Comments on: How Sequoia forced Tony Hsieh to sell Zappos A slice of lime in the soda Sun, 26 Oct 2014 19:05:02 +0000 hourly 1 By: OnTheTimes Mon, 07 Jun 2010 20:30:00 +0000 A startup company where the goals of the VCs did not coincide with the founders? And this is worthy of a book?

Even though VCs will talk about how they deserve preferential tax treatment because of all the jobs they create, their #1 priority, and the only reason they are in that business, is making money. For themselves. Any entrepreneur should know this before they ever speak to a VC.

Zappos was sold for $1.2B at a time when they didn’t even have $1B in sales, which is a remarkable achievement for a retailer with no inherent advantage over anybody else. Hsieh should be very happy with that accomplishment, and use the proceeds to find a way to change the world that doesn’t require selling shoes.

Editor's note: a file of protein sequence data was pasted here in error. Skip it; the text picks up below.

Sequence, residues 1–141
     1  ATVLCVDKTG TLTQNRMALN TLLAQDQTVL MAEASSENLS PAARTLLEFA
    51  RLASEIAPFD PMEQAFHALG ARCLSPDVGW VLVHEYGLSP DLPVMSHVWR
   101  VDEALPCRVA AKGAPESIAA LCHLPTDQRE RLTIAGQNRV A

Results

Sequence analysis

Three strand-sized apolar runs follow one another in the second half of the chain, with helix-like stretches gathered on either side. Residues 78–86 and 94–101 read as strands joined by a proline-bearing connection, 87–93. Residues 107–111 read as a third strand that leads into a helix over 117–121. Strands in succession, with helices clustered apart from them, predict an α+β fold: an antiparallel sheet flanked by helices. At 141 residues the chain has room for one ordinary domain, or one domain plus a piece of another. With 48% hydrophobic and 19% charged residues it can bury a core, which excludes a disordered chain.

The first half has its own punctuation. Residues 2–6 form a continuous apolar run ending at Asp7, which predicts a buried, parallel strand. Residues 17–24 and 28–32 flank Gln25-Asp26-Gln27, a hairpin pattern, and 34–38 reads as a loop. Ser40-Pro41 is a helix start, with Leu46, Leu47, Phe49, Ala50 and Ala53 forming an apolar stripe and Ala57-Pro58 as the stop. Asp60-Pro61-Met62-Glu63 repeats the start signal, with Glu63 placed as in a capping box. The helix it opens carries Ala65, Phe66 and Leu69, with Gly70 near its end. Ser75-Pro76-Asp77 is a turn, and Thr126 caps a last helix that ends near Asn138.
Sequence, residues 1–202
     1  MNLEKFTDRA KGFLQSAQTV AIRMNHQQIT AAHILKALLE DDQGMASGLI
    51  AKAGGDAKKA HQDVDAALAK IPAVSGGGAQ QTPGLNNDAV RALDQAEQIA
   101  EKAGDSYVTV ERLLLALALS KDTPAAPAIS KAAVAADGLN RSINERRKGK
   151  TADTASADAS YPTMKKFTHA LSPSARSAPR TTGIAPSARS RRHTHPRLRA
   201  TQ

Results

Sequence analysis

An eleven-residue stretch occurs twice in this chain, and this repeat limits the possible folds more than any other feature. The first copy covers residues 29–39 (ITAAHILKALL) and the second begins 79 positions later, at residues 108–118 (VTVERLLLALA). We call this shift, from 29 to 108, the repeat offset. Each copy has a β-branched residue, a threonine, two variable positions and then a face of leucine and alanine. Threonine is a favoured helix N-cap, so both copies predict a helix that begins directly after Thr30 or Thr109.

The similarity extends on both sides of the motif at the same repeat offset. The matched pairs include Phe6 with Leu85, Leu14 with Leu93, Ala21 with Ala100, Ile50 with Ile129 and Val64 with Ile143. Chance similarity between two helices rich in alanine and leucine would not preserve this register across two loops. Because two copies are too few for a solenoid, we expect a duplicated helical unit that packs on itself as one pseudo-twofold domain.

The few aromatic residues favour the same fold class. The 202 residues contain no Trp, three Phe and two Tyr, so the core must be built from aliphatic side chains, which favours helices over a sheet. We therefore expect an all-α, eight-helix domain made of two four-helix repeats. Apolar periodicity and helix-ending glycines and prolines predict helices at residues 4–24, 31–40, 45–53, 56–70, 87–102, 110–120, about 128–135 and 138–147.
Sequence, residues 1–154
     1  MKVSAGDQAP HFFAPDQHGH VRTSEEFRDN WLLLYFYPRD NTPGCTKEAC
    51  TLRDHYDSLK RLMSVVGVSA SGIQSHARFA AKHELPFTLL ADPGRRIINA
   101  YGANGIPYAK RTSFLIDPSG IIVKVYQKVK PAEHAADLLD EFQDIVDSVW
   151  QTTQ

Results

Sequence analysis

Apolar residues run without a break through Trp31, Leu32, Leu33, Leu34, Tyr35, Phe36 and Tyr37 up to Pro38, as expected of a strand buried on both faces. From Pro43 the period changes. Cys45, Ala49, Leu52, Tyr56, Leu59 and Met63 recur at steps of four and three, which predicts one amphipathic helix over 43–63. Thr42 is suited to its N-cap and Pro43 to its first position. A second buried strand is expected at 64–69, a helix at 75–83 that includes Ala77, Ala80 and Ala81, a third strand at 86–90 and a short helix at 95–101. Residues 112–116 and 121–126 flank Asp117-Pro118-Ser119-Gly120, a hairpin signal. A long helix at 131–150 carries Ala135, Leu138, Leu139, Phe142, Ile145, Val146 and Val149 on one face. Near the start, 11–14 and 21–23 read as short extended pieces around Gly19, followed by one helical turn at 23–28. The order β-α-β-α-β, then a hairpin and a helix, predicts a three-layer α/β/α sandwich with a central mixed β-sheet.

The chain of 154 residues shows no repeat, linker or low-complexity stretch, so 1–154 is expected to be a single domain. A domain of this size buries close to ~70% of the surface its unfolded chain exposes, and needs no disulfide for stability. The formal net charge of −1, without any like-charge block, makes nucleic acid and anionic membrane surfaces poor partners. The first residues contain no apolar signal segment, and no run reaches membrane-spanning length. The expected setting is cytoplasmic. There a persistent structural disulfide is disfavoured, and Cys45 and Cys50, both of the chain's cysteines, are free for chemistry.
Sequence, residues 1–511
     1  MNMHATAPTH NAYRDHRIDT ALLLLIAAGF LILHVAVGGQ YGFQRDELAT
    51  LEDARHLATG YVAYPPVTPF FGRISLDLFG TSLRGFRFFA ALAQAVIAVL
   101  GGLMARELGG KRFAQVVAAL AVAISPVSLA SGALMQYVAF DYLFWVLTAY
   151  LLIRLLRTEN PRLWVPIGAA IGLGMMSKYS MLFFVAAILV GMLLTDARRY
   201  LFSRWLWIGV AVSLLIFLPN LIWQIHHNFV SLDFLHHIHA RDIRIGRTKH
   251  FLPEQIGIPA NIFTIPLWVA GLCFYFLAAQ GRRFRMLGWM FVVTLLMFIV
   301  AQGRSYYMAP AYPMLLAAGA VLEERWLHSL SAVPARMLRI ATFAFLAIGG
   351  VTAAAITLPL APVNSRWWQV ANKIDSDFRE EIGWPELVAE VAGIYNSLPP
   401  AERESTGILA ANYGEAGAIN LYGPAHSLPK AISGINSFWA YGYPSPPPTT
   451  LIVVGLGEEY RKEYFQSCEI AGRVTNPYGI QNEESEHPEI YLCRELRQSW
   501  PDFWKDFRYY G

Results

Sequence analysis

By: HBC Mon, 07 Jun 2010 16:08:20 +0000 That’s more overpriced footwear than a whole season of Sex And The City. With approximately the same amount of sex involved, i.e. zero.

By: keithbohanna Mon, 07 Jun 2010 11:34:07 +0000 Having read the full article (but not the book) I agree there are a number of sweet/sour contrasts in this.

It is a shame the investor board were so out of sync with the core reasons why their investment was a success in the first place.

However Tony Hsieh kept his focus on the core principles which were important to him and used that focus to guide his decision to sell.

On the tracking of employee relationships reference very few of us have had the experience of managing “happiness” in a 1,800 ee operation so I would reserve judgment on that.


By: ScottAllison Mon, 07 Jun 2010 09:15:07 +0000 Such a shame… the ideal purchaser for Zappos would have been Berkshire Hathaway.

By: absinthe Mon, 07 Jun 2010 07:22:07 +0000 “To address that, we’ve begun tracking employee relationships.”

That’s even more unsettling than most of the details that were in The New Yorker’s profile.